Mumbai’s Glowing Waves a Sign of Climate Change

May 24 2018 | 04:02:39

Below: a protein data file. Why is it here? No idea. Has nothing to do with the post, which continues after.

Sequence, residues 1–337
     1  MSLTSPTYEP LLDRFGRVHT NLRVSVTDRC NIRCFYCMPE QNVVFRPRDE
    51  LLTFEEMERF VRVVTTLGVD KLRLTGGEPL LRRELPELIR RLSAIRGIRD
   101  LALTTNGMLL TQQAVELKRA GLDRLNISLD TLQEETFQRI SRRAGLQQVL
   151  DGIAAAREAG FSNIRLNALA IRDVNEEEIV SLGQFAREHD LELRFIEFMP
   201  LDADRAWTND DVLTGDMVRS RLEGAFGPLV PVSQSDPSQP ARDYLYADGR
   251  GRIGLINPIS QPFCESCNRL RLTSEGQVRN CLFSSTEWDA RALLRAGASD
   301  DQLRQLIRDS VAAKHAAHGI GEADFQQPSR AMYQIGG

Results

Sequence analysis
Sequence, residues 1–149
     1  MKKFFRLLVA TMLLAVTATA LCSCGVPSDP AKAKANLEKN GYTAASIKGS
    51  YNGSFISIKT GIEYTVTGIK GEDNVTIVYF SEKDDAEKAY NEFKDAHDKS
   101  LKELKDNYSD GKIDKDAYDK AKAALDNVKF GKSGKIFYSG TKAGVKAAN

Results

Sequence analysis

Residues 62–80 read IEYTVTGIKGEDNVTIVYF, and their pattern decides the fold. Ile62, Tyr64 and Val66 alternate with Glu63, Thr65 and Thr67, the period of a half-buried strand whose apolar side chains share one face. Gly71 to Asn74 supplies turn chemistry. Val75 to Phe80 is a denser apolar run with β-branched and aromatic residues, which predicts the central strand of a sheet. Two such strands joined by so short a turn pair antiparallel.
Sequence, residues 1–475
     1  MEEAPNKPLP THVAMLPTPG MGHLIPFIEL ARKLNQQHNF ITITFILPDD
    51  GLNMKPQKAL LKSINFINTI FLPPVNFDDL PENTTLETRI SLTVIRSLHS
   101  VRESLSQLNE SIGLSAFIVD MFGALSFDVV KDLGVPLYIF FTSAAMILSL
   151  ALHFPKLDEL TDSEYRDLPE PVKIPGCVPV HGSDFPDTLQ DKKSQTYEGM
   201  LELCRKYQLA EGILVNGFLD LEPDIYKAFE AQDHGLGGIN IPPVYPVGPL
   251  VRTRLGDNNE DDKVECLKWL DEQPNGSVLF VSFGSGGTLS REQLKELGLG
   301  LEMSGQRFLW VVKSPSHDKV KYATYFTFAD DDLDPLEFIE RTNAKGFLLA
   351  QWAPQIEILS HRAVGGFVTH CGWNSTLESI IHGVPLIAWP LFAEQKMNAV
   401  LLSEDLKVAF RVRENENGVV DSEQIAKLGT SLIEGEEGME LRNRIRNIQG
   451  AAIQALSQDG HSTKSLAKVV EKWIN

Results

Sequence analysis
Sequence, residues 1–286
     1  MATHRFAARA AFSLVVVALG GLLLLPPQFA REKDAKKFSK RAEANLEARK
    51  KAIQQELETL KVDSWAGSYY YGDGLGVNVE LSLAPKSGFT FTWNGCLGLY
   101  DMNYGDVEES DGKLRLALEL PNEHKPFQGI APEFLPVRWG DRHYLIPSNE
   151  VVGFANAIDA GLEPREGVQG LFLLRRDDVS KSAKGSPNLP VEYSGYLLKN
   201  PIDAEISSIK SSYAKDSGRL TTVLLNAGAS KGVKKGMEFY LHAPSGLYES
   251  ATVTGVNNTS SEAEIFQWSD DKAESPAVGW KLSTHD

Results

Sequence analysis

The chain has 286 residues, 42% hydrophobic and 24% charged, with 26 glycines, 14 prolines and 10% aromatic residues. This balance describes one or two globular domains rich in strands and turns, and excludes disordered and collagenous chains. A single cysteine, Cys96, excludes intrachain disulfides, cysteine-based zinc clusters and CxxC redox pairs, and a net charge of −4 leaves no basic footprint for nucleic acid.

A recent study by Indian and U.S. scientists found that climate change might be the cause of an eerily beautiful phenomenon on Mumbai beaches, The Washington Post reported Monday.In the past few years, bright blue, glow-in-the-dark waves have lapped at Mumbai beaches at night, caused by a bloom in the bioluminescent plankton Noctiluca scintillans.Despite the striking visuals, N. scintillans is harmful to fish because it competes with them for plankton called diatoms and releases ammonia, which has been associated with mass fish die-offs, The Hindu reported.Previous research had suggested the bioluminescence was due to agricultural and industrial runoff from the coasts, but the new study by the Indian National Center for Ocean Information Services (INCOIS) and the National Oceanic and Atmospheric Administration (NOAA) found that the warming of the oceans, which leads to greater temperature differences between ocean layers, was the more likely culprit.If the phenomenon continues, it could have a serious impact on the Indian fishing industry."Less dense water comes to the surface because of the warming of oceans, encouraging these intense blooms, which has an adverse impact on fisheries. Currently, the western coast, Persian Gulf, and Oman are largely affected, but if it keeps on increasing, it will have drastic effects on fisheries along the Indian coast. That could be alarming," INCOIS Director Dr. S.C. Shenoi told Mint.As a result of the study, INCOIS announced plans to set up a program called Marine Observation System along Indian Coast (MOSAIC) to keep track of the health of the subcontinent's coastal waters.The reason the scientists ruled out pollution as a cause was that there was plenty of oxygen towards the ocean's surface, where the plankton bloom is occurring. The previous study had blamed it on oxygen minimum zones, but the new study found those zones were too deep to have an impact.Instead, the increasing difference in the temperatures of ocean layers means that nutrients like silicate travel upwards more slowly. Diatoms need both silicate and sunlight to thrive, so this discourages their growth and increases the N. scintillans that preys on them."The present findings show no evidence that cultural eutrophication has contributed to the decadal scale shifts in plankton (algae) composition in the north- eastern Arabian Sea. Instead, the lessons that are learned here may help to forecast the effects that climate change may have in other productive oceanic ecosystems," stated the research paper, according to Mint.In addition to Mumbai's Juhu Beach, the glowing waves have also been observed along the coasts of China and Hong Kong within past three years, The Washington Post reported.